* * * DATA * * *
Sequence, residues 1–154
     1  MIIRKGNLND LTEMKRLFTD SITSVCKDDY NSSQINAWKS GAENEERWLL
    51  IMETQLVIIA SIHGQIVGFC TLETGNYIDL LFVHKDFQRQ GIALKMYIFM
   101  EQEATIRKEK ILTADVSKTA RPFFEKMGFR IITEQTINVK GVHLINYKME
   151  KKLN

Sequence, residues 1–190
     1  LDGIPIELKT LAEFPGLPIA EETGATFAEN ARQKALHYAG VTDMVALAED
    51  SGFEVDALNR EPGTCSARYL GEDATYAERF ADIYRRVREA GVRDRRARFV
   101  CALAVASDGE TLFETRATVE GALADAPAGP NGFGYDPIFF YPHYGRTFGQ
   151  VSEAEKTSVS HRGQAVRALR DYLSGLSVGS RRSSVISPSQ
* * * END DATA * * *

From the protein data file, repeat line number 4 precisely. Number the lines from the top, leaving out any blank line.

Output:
   101  EQEATIRKEK ILTADVSKTA RPFFEKMGFR IITEQTINVK GVHLINYKME